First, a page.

"We propose the use of "selective blocking" by "blocker tags" as a way of protecting consumers from unwanted scanning of RFID tags attached to items they may be carrying or wearing.

While an ordinary RFID tag is a simple, cheap (e.g. five-cent) passive device intended as an "electronic bar-code" for use in supply-chain management, a blocker tag is a cheap passive RFID device that can simulate many ordinary RFID tags simultaneously. When carried by a consumer, a blocker tag thus "blocks" RFID readers. It can do so universally by simulating all possible RFID tags. Or a blocker tag can block selectively by simulating only selected subsets of ID codes, such as those by a particular manufacturer, or those in a designated "privacy zone."

We believe that this approach, when used with appropriate care, provides a very attractive alternative for addressing privacy concerns raised by the potential (and likely) widespread use of RFID tags in consumer products.

We also discuss possible abuses arising from blocker tags, and means for detecting and dealing with them."

Even without blocking tags that would block the reading of all tags within their sphere of influence, portable objects could always be encased in good old aluminum foil, or a specially designed RF-proof bag (a Farady cage) to hide their tags existence.

I can see a legitimate market for such privacy uses, but rendering tags unreadable would also enable less savory activities, such as hiding the fact that someone is carrying an item out of a store without the store electronically noticing (think shoplifting, industrial espionage, and worse...)

Speaking Of "Policy."

The legal protections surrounding the use of wireless tags are of course in their infancy, but as is so often the case, California may be taking the lead. As pointed out by Chris Wolfe, the Feb. 24 CNET describes California Senate Bill 1834, introduced by Senator Debra Bowen, which seems to touch on many of the most important RFID tag privacy issues. If this bill becomes law, anyone using wireless tags or readers will have to notify the public that it's doing so, and a business using wireless tags would be required to "detach or destroy" them before a consumer leaves the store (preventing ongoing tracking and associations). Most importantly, this bill "...would also require consumers to give express consent before businesses or agencies could track and collect information about them via RFID." There are similar activities happening in other states as well.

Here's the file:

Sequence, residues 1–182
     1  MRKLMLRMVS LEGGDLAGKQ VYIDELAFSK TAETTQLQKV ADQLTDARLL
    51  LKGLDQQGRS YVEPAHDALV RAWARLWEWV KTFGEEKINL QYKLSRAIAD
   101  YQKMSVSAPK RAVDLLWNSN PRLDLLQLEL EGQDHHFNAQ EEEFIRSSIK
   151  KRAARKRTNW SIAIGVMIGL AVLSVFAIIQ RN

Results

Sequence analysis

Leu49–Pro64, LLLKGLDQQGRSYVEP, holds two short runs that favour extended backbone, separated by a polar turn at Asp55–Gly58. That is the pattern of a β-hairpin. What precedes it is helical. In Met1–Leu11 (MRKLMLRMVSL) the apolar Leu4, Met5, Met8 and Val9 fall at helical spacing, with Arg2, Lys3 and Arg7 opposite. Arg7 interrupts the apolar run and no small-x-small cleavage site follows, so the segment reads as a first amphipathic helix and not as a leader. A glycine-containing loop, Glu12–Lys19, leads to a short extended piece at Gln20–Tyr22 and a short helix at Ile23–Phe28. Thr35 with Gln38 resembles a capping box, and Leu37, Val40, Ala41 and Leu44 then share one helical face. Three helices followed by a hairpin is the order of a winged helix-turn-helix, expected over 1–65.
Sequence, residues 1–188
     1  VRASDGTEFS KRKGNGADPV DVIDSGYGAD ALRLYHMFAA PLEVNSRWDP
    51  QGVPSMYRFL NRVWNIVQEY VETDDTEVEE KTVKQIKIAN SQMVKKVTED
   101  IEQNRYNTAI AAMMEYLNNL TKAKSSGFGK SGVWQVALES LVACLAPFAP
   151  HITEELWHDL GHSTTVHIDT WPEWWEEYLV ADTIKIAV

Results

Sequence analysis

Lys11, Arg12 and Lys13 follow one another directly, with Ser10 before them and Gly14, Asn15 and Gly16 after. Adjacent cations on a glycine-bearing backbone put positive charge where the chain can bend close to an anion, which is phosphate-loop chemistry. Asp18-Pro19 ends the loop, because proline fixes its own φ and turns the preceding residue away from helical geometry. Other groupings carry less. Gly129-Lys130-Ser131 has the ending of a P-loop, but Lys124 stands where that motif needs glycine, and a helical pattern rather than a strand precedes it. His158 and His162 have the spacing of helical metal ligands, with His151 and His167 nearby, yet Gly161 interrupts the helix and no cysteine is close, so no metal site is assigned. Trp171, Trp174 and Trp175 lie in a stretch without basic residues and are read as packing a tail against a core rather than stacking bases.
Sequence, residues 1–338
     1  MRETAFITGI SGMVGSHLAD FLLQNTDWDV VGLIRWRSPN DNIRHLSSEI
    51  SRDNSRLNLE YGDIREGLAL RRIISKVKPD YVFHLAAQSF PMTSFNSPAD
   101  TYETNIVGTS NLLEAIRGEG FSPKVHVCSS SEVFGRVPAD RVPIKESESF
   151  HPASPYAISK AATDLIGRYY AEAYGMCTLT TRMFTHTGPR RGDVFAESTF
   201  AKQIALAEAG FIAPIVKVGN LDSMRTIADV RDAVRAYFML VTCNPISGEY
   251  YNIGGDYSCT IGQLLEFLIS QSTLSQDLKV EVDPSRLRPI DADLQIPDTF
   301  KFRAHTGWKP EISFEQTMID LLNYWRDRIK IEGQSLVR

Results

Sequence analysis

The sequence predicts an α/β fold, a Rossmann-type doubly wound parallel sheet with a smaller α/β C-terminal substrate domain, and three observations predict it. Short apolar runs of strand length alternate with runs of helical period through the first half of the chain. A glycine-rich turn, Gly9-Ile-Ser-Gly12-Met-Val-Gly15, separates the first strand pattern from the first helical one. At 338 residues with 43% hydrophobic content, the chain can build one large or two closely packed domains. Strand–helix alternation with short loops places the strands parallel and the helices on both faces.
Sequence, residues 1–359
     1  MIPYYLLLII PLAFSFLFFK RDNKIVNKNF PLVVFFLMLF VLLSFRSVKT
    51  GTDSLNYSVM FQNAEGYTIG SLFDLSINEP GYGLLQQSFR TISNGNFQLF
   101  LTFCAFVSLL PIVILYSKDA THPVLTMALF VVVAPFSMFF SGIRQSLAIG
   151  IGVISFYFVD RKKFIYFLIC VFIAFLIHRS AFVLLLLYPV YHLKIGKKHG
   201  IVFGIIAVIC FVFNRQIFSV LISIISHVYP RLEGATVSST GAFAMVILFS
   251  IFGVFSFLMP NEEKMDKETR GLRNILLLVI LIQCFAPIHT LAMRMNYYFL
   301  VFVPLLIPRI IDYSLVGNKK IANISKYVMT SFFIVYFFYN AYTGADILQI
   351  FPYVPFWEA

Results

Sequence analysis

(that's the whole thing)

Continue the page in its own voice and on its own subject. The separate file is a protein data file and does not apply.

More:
In my opinion, requiring consumers to complete a clear, explicit "opt-in" form before their personal information can be used or shared is the only way to provide viable legal consumer protections (unlike situations where businesses can use your information by default, and you must explicitly " opt-out" if you don't want the information used.) Kudos to Senator Bowen for addressing this at the get-go, and as with other California bills in the past this might provide a good template for national legislation.

Of course we've just touched the surface of policy and technological solutions to RFID privacy that may help to address these issues, and I also have no doubt that "Blocker Tags" and other technological solutions will appear to fill any privacy voids that remain after implementation.

The End Result Is Up To Us.

This discussion might be seen as implying that RFID tags will be a technological Benedict Arnold, committing treason against our privacy. And that raises the question as to why we are even considering their implementation. But it's important to remember that these and other privacy and potential abuse issues are hardly unique to RFID tags. Randy Sweeney put it well, reminding us that "...any technological advance can be abused. Fire, pointy sticks, chemistry, EPC [etc.]..."

As we've all seen time and time again, the introduction of every new technology can bring both positive results and negative potentials. Which is exactly why each of us must monitor, and control through our elected representatives, how we choose to allow all such technologies to impact the goals and tenets of our overall society.

We, and our kids, will be living in the society that we create...

This essay is original and was specifically prepared for publication at Future Brief. A brief biography of Jeff Harrow can be found at our main Commentary page. Other essays written by Jeff Harrow can be found at his web site. Jeff receives e-mail at Other websites are welcome to link to this essay, with proper credit given to Future Brief and Mr. Harrow. This page will remain posted on the Internet indefinitely at this web address to provide a stable page for those linking to it.

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© 2004, Jeffrey Harrow, all rights reserved.